Tagore’s Bhanusinger Padavali by Anurekha Ghosh
Text & pics: Nita Vidyarthi, Kolkata
e-mail: nitavidyarthi@gmail.com

May 16, 2012

Rabindranath Tagore was fascinated by the works of poets Joydeb and the Maithili verses and ideas of Vidyapati and Brijbhasa (the dialect of Brij). At the same time, he emulated the eighteenth century English boy-poet Chatterton and composed (and published) his first significant poetry in 1877. He adopted the pen name Bhanu Singha (he had been complimented with the name Bhanu by his sister-in-law Kadambari) and wrote a number of poems on the mysticism as found in Vaishnavism, embracing the Radha-Krishna theme.

One of Tagore’s earliest compositions, the anthology (Padavali) of poems and songs Bhanusinger Padavali were written over a wide expanse of time and was not composed as a dance drama. Since they are all of the same theme, many composers and choreographers have presented it as a dance drama and undoubtedly it is one of Tagore’s most popular works because of its mellifluous songs and the lilting tunes, let alone the enchanting lyrics. Kathak dancer Anurekha Ghosh who has performed at home and abroad took up the challenge to present the popular dance drama, usually performed as a group composition, as a mono-act with a brief appearance of Malabi Chowdhury as Krishna. Presented at the Weavers Centre For the Arts, Kolkata, the mono-act began with the invocation of Joydev’s ‘Dasavatar’ by Anurekha followed by the symbolic import of Radha’s quest for Krishna that was inspired by the intoxicating sound of the flute. A disciple of Kathak exponent Nahid Siddiqui, Anurekha used the old form of Natwari Nritya style of the Kathak idiom. She began with “Gahana kusum kunja Majhe,” the song of spring and joy followed by the song of monsoon, “Sangana gaganey ghor ghanaghata” back to “Sunala sunala balika” and a series of other numbers concluding with “Sundari Radhey Awaye bani.”

Even though the sequence of the songs and poems in the original have not been maintained, the theme, the spirit, lyricism and the expressive content of Tagore have not been hampered. Anurekha is a competent dancer and her nritta and nritya statements incorporated in the execution was crisp and energetic, some quite distinctive and went very well with the many stanzas of poems, prose and rhythm. However the stamping of the foot was too powerful at times tarnishing the subtleties of the content. Some tranquility would have enhanced the offering. Her moves in the Natwari Nritya are not common and a pleasure to watch them adorned with some elegant tukhras but a few extended beyond the idiom. However, Anurekha managed well in the small performance space. A proper auditorium would have contributed to the spectators’ delight for numbers like “Hridayaka sadh mishawala hridaye” and the soul-stirring “E sakhi hamari dukher nahi oor, e bhara bhadar maha bhadar.”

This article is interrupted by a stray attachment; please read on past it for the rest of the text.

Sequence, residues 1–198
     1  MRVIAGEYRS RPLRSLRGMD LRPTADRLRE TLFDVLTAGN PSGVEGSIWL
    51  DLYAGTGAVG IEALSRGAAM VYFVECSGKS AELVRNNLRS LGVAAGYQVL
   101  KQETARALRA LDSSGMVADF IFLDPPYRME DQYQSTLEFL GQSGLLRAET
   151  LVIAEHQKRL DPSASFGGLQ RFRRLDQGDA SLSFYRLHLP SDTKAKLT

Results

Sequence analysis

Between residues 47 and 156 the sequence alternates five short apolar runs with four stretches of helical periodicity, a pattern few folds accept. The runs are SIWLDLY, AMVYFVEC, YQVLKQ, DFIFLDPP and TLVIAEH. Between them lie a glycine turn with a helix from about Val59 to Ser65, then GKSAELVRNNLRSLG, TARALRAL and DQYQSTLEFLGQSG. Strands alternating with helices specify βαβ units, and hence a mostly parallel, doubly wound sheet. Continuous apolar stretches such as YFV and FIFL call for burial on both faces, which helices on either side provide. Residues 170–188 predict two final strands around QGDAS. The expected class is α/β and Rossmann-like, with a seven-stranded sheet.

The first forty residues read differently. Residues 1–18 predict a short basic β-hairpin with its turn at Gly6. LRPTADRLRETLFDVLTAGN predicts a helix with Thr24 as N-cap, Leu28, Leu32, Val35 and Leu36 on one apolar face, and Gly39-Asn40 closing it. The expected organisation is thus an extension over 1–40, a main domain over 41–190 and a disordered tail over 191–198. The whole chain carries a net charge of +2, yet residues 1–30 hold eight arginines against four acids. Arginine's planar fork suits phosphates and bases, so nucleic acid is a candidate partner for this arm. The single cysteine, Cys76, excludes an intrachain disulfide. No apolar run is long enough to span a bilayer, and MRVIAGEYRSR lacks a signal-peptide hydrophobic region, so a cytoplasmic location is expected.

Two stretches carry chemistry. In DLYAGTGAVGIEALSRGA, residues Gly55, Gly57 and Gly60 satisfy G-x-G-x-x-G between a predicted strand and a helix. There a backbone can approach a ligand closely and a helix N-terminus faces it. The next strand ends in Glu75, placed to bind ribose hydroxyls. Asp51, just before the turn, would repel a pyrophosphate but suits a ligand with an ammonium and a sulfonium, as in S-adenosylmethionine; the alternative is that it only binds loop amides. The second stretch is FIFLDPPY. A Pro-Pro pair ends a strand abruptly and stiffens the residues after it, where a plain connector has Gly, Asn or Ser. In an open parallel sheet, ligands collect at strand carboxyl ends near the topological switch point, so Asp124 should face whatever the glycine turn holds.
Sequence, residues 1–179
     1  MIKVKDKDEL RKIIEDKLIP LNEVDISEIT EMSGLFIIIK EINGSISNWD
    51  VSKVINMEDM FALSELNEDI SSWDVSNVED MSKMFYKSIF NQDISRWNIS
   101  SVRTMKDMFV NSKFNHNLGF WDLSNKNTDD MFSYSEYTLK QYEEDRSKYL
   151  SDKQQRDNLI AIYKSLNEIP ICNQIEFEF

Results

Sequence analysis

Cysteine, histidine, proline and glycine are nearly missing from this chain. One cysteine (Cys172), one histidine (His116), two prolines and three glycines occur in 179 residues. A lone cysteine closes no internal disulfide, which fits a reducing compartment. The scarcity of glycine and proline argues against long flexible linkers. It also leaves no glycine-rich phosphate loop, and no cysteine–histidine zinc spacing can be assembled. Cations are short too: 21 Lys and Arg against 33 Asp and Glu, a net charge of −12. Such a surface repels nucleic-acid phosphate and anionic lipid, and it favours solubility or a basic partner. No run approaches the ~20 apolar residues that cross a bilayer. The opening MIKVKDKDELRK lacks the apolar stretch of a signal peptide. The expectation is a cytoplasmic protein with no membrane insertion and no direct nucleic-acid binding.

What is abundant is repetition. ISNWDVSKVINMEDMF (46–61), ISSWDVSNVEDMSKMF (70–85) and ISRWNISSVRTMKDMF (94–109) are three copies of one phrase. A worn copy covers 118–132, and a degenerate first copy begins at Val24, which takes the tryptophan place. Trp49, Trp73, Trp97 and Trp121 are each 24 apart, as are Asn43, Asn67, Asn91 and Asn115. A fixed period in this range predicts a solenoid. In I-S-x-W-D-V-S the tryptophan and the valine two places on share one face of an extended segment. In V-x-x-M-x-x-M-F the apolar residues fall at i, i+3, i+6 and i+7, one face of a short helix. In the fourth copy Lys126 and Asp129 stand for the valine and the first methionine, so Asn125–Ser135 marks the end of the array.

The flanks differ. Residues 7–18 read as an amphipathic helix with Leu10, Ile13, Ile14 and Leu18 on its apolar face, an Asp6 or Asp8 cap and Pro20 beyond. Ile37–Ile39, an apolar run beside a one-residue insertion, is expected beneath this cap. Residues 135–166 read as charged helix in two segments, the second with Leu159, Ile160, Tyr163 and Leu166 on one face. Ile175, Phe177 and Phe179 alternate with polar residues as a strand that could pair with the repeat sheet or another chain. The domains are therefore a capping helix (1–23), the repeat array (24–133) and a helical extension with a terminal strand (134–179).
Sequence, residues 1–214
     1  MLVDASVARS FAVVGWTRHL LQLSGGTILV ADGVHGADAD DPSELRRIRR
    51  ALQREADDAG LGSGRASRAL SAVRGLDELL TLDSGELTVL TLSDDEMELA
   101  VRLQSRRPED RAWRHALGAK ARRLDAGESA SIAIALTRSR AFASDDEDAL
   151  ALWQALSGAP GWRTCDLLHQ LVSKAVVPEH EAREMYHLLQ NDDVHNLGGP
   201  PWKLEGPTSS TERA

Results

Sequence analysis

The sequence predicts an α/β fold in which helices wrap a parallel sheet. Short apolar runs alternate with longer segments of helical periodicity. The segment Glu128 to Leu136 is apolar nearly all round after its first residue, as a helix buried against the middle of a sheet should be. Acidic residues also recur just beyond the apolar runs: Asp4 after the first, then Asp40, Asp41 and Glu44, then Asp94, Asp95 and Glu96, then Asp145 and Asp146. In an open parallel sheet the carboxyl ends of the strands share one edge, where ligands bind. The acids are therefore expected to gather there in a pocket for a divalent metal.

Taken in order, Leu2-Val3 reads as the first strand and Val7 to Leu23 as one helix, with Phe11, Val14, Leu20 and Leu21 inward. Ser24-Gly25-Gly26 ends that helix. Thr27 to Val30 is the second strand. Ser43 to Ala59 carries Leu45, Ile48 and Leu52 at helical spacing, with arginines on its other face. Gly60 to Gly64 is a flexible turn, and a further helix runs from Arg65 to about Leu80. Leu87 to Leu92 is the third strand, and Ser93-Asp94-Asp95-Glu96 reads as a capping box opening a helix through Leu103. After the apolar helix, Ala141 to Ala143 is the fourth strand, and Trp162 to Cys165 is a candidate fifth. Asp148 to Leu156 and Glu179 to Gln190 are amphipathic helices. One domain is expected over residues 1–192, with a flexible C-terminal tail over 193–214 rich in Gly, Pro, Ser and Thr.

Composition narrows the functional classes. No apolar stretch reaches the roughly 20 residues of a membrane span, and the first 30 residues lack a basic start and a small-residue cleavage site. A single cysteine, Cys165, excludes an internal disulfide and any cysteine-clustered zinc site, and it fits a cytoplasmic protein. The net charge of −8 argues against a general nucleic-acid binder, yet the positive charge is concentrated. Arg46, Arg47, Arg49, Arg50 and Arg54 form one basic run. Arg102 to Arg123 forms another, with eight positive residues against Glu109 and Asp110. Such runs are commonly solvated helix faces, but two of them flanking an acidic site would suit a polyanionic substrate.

A duet with Malabi Chowdhury was enjoyable. Malabi is a well-trained Manipuri dancer and her Krishna nartan, especially the ‘kenduk khel’ was well executed and entertaining. The ambitious project is perhaps the first of its kind but nevertheless enjoyable. Even though one missed the sakhis, such an important part of the Radha-Krishna theme, especially in the Raas and of course in the beautiful song-dance sequence ”Aaju sakhi muhu muhu,” the attempt with choreographic mentoring by Anurekha’s guru, the famous singer Swagatalakshmi Dasgupta (Anurekha learns singing also), was interesting. The simple backdrop and the fine costume designed by Anurekha demonstrated her aesthetic skills and live music with vocal support by Shirshendu Mukherjee added to the appeal of the unusual Bhanusingher Padavali. However, too much red light and the excessive smoke from the smoke machine interfered with the aesthetics and joy of the presentation.

Nita Vidyarthi is a critic of performing arts - dance, dance theatre and expressions - and a regular contributor to the Statesman (Kolkata) in dance, vocal music and theatre. Trained in Kathak, both the Jaipur and Lucknow gharanas, she was a disciple of the late Jaikumari, Ram Gopal Misra, Manjulika Roy Chowdhury and Gayatri Chatterjee. She had exposure to Bharatanatyam from Guru Maruthappa Pillai and Manipuri from Guru Bipin Singh and Kalavati Devi.  A regular visitor to the festivals of UK and Europe, Nita is trained in vocal, semi-classical music and Rabindra Sangeet. A Science communicator, Ph.D. in Polymer Science, Commonwealth Scholar and a retired Professor of Chemistry, Nita devotes most of the time on dance and theatre writing. She also writes for The Hindu.